CRI develops more disease-resistant food crops

cri

The Crops Research Institute (CRI) of the Council for Scientific and Industrial Research (CSIR), is developing 23 new crop varieties to boost food insecurity in the country.

Dr. Mrs. Stella Ama Ennin, the Director, said these were, early-maturing, high-yielding, disease-resistant, and could withstand harsh climatic conditions.

They include cassava, groundnuts, common beans, tomatoes, maize and pepper and she said these would be bring enormous benefits to seed growers.

The CRI Director in a media briefing at Fumesua in the Ejisu-Juaben Municipality, said the new bean variety, for instance, was the first to be developed locally.

It has high nutritional value and fortified with high iron content.

This was important considering the economic cost of micronutrient deficiencies, estimated at between 2.4 -10 percent of the Gross Domestic Product (GDP) in many developing countries.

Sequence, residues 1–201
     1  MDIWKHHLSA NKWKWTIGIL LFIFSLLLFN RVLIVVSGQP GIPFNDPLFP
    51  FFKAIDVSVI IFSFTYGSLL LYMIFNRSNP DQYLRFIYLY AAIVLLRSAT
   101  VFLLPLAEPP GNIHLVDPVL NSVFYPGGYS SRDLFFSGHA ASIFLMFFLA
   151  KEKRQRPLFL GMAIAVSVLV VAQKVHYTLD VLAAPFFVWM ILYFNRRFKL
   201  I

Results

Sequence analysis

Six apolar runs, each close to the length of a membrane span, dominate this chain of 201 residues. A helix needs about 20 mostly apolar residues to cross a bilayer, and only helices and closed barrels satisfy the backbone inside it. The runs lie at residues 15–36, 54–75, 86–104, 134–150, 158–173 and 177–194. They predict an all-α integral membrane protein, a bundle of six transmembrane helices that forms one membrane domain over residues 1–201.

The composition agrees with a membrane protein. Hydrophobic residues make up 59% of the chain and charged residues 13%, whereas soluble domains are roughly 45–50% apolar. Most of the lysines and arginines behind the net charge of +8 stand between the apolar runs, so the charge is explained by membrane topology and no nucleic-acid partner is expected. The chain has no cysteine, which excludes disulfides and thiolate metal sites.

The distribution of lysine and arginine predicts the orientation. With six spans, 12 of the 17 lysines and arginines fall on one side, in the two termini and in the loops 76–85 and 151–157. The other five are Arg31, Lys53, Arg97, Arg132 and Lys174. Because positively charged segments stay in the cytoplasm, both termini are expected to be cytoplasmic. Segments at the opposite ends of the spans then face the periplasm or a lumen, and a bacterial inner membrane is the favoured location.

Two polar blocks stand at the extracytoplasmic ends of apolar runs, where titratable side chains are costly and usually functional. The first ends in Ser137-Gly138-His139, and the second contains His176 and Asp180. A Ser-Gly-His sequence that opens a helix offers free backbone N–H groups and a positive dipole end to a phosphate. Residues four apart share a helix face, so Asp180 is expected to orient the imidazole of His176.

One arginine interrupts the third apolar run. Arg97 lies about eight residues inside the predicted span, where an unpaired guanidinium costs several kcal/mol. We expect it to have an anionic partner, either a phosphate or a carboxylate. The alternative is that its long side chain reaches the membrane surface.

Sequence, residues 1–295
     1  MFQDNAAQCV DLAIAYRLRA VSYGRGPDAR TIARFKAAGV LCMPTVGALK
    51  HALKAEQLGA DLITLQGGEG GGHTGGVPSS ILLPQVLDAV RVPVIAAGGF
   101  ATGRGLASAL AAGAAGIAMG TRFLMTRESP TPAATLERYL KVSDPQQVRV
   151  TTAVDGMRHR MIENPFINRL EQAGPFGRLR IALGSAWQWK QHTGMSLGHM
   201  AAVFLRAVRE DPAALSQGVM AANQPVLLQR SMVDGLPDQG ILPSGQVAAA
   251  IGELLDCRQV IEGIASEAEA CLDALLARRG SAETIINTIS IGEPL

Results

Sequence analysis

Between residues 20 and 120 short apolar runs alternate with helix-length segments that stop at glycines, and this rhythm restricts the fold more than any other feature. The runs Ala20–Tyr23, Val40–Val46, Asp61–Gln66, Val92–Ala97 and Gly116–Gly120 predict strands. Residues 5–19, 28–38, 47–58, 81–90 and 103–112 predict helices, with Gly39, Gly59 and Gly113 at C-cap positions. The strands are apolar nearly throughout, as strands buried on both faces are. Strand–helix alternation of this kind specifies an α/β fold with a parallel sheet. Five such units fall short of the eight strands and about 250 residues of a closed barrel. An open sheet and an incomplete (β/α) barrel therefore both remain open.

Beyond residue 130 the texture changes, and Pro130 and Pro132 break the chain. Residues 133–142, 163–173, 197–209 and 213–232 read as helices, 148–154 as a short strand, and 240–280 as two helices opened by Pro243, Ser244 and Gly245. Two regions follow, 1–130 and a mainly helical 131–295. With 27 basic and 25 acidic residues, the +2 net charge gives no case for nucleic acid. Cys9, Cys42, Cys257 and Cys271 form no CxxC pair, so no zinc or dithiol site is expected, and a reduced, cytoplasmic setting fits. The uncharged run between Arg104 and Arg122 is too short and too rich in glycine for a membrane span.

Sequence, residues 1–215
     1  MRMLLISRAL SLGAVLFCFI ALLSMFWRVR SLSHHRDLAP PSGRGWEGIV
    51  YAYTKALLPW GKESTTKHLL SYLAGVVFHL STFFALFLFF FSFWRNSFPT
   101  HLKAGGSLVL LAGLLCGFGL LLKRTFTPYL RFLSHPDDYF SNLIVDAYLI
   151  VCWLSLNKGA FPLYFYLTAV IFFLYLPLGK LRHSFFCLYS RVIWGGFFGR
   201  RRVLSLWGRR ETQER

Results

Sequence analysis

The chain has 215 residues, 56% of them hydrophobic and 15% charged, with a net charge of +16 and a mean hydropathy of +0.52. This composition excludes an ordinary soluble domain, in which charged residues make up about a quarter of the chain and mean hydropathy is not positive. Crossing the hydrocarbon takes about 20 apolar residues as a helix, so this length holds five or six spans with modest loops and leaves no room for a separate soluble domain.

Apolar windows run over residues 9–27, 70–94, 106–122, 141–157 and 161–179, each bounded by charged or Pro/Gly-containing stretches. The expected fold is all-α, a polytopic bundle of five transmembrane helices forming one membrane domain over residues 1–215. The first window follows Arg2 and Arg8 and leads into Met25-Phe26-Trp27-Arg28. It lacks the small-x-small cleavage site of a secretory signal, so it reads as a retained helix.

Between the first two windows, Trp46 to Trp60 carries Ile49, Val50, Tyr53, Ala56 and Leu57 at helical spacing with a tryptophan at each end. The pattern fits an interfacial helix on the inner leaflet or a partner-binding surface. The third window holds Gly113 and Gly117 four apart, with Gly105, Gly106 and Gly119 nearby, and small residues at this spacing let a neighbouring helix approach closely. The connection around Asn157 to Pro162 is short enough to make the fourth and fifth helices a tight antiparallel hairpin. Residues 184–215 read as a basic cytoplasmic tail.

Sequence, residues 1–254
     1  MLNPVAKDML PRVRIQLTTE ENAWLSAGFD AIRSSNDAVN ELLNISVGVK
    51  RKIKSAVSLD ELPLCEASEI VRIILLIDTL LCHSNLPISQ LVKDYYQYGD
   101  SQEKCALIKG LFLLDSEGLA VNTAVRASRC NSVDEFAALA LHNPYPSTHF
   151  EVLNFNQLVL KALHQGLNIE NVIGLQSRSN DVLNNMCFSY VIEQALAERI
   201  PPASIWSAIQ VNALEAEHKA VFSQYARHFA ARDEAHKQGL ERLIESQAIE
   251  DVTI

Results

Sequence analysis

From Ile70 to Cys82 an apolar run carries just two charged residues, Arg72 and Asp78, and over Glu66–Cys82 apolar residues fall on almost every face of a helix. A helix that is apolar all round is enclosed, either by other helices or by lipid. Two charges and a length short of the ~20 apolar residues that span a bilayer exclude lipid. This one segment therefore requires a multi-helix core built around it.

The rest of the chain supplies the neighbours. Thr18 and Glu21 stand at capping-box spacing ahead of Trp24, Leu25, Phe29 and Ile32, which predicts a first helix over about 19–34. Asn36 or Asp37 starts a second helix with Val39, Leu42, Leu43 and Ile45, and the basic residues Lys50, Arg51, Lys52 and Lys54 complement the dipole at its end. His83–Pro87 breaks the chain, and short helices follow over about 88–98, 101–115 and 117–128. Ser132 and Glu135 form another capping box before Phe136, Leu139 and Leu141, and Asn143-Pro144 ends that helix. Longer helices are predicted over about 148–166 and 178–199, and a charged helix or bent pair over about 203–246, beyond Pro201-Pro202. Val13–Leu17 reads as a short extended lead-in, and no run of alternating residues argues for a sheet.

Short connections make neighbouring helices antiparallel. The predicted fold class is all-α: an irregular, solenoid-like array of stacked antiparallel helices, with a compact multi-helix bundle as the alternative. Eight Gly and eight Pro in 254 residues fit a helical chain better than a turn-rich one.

Dr. Ennin said the micronutrient-rich bean variety would significantly improve the nutrition and health of many people across Africa, especially, women and children.

She indicated the new bean variety would soon be released and expressed confidence that it would assist to overcome malnutrition among Ghanaian children.

It would additionally aid the development of their cognitive power.

She underlined the need for the nation to focus more effort on developing high-yielding and drought-resistant crop varieties, given the threat posed by climate change.

Dr. Joe Manu-Aduening, a Senior Research Officer at the CRI, noted that the nation currently had a food production gap and said more shouldo be done to address that.

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